Written by: Victoria Alexander | November 23rd, 2011
Matt King (George Clooney) is a wealthy Oahu lawyer and sole trustee of his extended family’s Trust. The King clan is well known in Hawaii. The many King cousins are all recipients of the Trust set up by great-great-great grandparents who wisely bought up large parcels of pristine land right on the ocean. Two developers want to buy the land to build resorts, casinos and hotels. Under the terms of the Trust, the clan has only seven years left to sell, or else.
With the sale, each cousin will become fabulously wealthy. Matt is already country-club rich but Matt is a spendthrift workaholic! Matt has two major flaws: He works too much and he refused to buy his wife Elizabeth a boat.
Matt’s whole life is turned upside down when Elizabeth has a reckless waterskiing accident and is now in a coma on life support. Her father Scott (Robert Forster) resents Matt for not buying that boat for Elizabeth. Scott blames Matt for the accident.
Matt is now caring for his pre-teen daughter Scottie (Amara Miller) while other daughter Alexandra (Shalilene Woodley) is at a $35,000 a year college – not at her mother’s side. Why does she hate her mother?
Not able to take care of Scottie, Matt brings Alexandra home but she insists her Jeff Spicoli-like boyfriend Sid (Nick Krause) comes along. Alexandra, sensing her father is not suffering enough already, tells him that his marriage was over. Her mother was having an affair with a younger man, realtor Brian (Mathew Lillard), and was planning on asking for a divorce.
Stalking your rival, sending emails to their spouse and trying to ruin their marriage is one way to handle an affair, but inviting your wife’s lover to pay their last respects? It only happens in novels (that become movies).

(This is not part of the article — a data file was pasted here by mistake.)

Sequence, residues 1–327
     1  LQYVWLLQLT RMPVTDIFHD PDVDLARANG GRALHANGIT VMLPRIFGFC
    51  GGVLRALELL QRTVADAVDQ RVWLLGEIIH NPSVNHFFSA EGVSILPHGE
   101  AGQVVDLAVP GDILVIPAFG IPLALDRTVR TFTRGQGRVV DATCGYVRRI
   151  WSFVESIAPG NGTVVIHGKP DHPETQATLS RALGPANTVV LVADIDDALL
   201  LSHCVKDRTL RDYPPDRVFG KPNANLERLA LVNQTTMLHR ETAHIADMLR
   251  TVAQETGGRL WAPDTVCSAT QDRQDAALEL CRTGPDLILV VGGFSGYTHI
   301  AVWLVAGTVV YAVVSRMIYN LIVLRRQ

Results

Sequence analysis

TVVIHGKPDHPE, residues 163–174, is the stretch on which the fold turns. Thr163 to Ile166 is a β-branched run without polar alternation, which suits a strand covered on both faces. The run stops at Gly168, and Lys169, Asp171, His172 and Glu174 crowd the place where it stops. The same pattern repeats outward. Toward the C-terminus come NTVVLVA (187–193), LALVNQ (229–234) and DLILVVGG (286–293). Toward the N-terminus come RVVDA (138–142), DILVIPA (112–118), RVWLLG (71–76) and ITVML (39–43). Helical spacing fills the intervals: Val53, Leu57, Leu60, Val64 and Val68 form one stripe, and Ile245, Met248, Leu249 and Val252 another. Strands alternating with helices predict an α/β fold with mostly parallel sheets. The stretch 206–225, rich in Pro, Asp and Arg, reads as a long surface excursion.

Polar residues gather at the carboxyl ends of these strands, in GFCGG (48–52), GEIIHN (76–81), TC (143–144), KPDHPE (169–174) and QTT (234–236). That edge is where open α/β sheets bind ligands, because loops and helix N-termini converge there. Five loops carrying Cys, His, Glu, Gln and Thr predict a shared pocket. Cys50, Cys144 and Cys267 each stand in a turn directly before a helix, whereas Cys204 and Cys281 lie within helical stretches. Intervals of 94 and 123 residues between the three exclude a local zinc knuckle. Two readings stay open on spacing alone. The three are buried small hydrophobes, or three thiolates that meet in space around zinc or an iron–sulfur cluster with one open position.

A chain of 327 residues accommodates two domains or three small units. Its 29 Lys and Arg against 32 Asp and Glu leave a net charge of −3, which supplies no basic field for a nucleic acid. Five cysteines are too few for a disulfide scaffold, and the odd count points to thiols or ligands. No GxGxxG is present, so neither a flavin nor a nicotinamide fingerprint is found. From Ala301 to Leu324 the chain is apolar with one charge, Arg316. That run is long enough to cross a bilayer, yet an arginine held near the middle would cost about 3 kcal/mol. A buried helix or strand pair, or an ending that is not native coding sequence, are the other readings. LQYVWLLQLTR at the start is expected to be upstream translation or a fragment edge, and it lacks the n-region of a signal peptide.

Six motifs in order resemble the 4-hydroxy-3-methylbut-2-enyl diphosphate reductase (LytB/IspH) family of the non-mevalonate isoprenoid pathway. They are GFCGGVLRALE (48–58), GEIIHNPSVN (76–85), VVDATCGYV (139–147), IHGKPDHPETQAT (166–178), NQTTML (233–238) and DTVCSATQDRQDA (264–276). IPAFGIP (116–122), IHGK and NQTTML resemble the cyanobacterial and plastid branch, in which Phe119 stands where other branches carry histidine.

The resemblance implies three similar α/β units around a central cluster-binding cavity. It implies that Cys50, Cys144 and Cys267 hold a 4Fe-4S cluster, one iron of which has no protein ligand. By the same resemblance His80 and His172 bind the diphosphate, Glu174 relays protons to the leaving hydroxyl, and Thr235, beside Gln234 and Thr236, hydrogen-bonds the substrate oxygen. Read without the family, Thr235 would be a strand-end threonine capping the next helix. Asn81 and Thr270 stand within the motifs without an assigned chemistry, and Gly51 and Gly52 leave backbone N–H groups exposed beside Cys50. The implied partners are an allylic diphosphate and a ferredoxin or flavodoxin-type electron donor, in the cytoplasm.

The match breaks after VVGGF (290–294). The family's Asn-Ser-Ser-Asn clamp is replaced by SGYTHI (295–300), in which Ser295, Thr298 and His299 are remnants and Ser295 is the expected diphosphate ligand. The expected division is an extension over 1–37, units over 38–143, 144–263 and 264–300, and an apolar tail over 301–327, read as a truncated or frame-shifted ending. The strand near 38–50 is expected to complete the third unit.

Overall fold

If only Matt had been a poor slob, but he has a glorious estate in lush Hawaii, a large family he is the benevolent de facto head of, a great career, and is well-respected in the community. Matt has a large support system.
If only he had brought that damn boat none of this would have happened!
The director, Alexander Payne, wrote the script, based on Kaui Hart Hemming’s 2007 novel, with co-writers Nat Faxon and Jim Rash. The scenes with Matt and his daughters are bold and realistic. While the setting is fabulously seductive, it has an “unreal” quality about it.
Matt’s real life problem is like a soda can littering Paradise.
Matt’s voiceover reassures us that even very rich people are miserable when bad things happen – like finding out your wife was cheating on you with an unattractive man.
Keeping with Payne’s favorite topic of sadness and regret, THE DESCENDANTS rests completely on believing that Clooney is this middle-aged character flummoxed by his wife’s accident and forced to take care of his younger daughter. He was an uninvolved father. And then there is the fact that he has been cuckolded.
Clooney effectively puts aside his claim to Cary Grant’s persona by transforming the way he carries himself. He embraces the ordinariness of Matt. Whatever fantasy Matt was living in – and clearly he had no clue what was going on around him – Clooney’s facial expressions announce his character’s total confusion. It is a tough role since everything that goes on impacts Matt. The burden is on Clooney to express a full range of painful emotions.
I did not believe the unrealistic kumbaya of the King cousins. Is Hawaii really Paradise on Earth for everyone? The Kings, their friends and close relatives live in a ghetto of privilege.
The supporting cast is terrific especially Krause who skillfully steps outside the brainless role imposed on him. Woodley and Miller are wonderful. Child actors amaze me. Forster was emotionally bitter and galvanizing. And what about Lillard? In all his interviews, he acknowledges that Payne (and no doubt Clooney) gave him an enormous opportunity. He delivered.
Victoria’s weekly column, “The Devil’s Hammer,” is posted every Monday. http://www.fromthebalcony.com/editorials.php.
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